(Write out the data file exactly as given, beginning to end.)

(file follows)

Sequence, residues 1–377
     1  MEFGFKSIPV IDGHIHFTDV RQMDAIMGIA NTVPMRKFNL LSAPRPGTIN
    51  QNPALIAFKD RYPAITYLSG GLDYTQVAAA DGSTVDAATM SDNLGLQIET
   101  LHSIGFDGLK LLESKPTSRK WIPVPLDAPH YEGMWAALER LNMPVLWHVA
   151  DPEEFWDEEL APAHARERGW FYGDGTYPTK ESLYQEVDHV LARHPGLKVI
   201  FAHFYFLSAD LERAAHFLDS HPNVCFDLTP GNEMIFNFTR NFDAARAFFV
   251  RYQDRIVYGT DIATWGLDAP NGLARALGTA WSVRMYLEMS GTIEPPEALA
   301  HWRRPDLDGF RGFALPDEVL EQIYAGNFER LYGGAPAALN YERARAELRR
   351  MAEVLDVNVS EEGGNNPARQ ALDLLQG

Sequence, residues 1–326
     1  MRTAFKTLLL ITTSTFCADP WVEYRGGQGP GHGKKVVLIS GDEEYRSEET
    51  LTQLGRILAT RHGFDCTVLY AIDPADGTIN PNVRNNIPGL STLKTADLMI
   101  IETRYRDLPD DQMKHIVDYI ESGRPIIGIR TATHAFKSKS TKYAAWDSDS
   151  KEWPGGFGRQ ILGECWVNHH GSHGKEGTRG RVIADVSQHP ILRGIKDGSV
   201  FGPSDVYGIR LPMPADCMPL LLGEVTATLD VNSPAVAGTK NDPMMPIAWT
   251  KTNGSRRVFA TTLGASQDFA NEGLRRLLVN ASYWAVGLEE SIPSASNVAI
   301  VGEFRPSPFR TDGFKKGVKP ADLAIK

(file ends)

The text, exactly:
Sequence, residues 1–377
     1  MEFGFKSIPV IDGHIHFTDV RQMDAIMGIA NTVPMRKFNL LSAPRPGTIN
    51  QNPALIAFKD RYPAITYLSG GLDYTQVAAA DGSTVDAATM SDNLGLQIET
   101  LHSIGFDGLK LLESKPTSRK WIPVPLDAPH YEGMWAALER LNMPVLWHVA
   151  DPEEFWDEEL APAHARERGW FYGDGTYPTK ESLYQEVDHV LARHPGLKVI
   201  FAHFYFLSAD LERAAHFLDS HPNVCFDLTP GNEMIFNFTR NFDAARAFFV
   251  RYQDRIVYGT DIATWGLDAP NGLARALGTA WSVRMYLEMS GTIEPPEALA
   301  HWRRPDLDGF RGFALPDEVL EQIYAGNFER LYGGAPAALN YERARAELRR
   351  MAEVLDVNVS EEGGNNPARQ ALDLLQG

Sequence, residues 1–326
     1  MRTAFKTLLL ITTSTFCADP WVEYRGGQGP GHGKKVVLIS GDEEYRSEET
    51  LTQLGRILAT RHGFDCTVLY AIDPADGTIN PNVRNNIPGL STLKTADLMI
   101  IETRYRDLPD DQMKHIVDYI ESGRPIIGIR TATHAFKSKS TKYAAWDSDS
   151  KEWPGGFGRQ ILGECWVNHH GSHGKEGTRG RVIADVSQHP ILRGIKDGSV
   201  FGPSDVYGIR LPMPADCMPL LLGEVTATLD VNSPAVAGTK NDPMMPIAWT
   251  KTNGSRRVFA TTLGASQDFA NEGLRRLLVN ASYWAVGLEE SIPSASNVAI
   301  VGEFRPSPFR TDGFKKGVKP ADLAIK